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I have three enums, which - in combination - should identify a unique state of affairs.

A struct of Enums, some bit fields, others not

enum KeyCode
{
    A,
    B,
    C,
    D,
    E
}

[Flags]
enum KeyModifiers
{
    Empty = 0,
    NoModifiers = 10000,
    Shift = 20000,
    Control = 40000,
    Alt = 80000
}

enum KeyState
{
    Empty = 0,
    Down = 10000000,
    Up = 20000000
}

I would like to implement a class which encompasses that state, and which would provide a Contains method, which would allow me to somehow treat the combination of these enums as a single value supporting bitwise operations.

But the current implementation does not work, I believe because some of the underlying enums are not bit fields.

Contains does not work due to KeyCode

class KeyEvent
{

    public KeyEvent(KeyCode key, KeyState down = KeyState.Empty, KeyModifiers modifiers = KeyModifiers.Empty)
    {
        Key = key;
        State = down;
        Modifiers = modifiers;
    }

    public int Id
    {
        get
        {
            return (int)Key + (int)State + (int)Modifiers;
        }
    }

    public KeyCode Key { get; set; }

    public KeyState State { get; set; }

    public KeyModifiers Modifiers { get; set; }

    public bool Contains(KeyEvent comparable)
    {
        return (Id & comparable.Id) == comparable.Id;
    }

}

How could I achieve my aim, which is to be able to compare the current values of those enums (this KeyEvent) with an input set of those enum values (as another KeyEvent) so as to determine whether the input values are contained within the current instance (but not necessarily equal to it) ?

  • I could simply compare the enums separately, but is there a better solution?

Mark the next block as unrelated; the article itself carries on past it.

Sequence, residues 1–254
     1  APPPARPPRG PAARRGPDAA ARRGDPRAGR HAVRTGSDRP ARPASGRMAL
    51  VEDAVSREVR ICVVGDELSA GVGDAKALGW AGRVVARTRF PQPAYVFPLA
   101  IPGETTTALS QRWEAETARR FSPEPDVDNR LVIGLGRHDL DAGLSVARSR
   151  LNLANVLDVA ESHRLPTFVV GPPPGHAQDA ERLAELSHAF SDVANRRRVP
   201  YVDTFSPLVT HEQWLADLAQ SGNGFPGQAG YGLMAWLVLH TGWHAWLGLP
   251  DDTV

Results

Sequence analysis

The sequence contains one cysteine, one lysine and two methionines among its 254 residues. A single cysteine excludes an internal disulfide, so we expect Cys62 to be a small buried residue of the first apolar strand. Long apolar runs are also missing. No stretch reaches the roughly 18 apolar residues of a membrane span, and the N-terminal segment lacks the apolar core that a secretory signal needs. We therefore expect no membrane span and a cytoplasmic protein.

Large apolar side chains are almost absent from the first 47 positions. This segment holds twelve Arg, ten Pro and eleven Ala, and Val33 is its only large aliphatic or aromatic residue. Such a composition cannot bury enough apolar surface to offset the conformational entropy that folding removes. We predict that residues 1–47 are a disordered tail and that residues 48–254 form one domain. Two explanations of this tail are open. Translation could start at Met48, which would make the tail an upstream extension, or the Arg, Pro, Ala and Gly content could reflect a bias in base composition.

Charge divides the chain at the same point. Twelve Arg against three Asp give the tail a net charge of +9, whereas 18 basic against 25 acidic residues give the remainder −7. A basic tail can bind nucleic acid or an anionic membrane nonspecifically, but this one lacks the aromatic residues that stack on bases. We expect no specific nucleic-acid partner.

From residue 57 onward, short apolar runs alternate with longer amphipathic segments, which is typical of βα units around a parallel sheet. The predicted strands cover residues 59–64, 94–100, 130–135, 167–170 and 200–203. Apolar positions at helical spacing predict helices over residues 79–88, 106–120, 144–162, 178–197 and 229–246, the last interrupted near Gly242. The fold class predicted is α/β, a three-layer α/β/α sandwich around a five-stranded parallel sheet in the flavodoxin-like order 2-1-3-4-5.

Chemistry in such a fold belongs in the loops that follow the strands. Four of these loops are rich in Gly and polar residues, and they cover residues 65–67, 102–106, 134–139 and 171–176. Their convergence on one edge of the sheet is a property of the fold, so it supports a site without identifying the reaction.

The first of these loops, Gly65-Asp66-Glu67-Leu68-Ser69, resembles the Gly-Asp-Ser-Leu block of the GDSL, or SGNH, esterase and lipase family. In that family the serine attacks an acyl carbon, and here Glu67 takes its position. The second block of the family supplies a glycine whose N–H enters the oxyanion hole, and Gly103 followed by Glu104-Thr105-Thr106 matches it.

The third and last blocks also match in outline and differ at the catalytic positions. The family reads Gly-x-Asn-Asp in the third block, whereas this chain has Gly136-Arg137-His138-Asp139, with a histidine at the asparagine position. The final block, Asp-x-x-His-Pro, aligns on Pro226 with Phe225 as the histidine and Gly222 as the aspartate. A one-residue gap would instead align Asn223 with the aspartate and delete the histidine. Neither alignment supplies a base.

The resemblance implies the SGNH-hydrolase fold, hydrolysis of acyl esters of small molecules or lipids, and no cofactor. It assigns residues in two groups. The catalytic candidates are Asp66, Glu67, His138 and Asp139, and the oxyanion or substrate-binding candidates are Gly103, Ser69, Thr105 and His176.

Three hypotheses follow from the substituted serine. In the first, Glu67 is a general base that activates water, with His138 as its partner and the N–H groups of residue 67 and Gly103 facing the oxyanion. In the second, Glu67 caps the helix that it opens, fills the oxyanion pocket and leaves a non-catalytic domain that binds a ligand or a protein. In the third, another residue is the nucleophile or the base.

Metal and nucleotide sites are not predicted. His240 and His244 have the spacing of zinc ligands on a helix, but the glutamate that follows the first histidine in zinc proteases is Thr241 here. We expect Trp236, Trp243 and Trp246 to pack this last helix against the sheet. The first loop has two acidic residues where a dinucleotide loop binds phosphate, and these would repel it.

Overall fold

• I do not want to create a fourth enum that combines all the other three in a bitwise manner, as KeyData does for KeyCode and modifiers
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2 Answers 2

up vote 2 down vote accepted

You would have to either define KeyCode like this

[Flags]
enum KeyCode {
    A = 1,
    B = 2,
    C = 4,
    D = 8,
    E = 16
} 

Or to calculate the combined value with

return (int)Math.Pow(2, (int)Key) + (int)State + (int)Modifiers;
share|improve this answer
    
I copy-pasted 2^(int)Key which is a very neat solution, but it didnt work, probably because you meant (int)Math.Pow(2, (int)Key) + (int)State + (int)Modifiers; Unfortunately, that does not work either in my case, because in actual fact i have more than 200 values in KeyCode and not even ulong or decimal has a large enough maximum to accommodate such powers - so i will have to use individual enum comparisons (which is not bad in itself). thanks! –  Cel Feb 9 '12 at 18:21
    
Indeed, I meant the power. ^ is XOR, :-(. And of cause you need one bit per enum value. –  Olivier Jacot-Descombes Feb 9 '12 at 18:29

Your KeyCode isn't a bit-wise field, so using bit-wise logic on it does not make sense. However you can easily take out KeyCode and do the rest of the comparison as you have shown.

public int StateModifiers { get { return (int)State + (int)Modifiers; } }

public bool Contains(KeyEvent comparable)
{
    return Key == comparable.Key && ((StateModifiers & comparable.StateModifiers) == comparable.StateModifiers);
}
share|improve this answer
    
thanks, thats what im kind of doing now, but using the HasFlag extension method available in .NET 4 –  Cel Feb 9 '12 at 18:40

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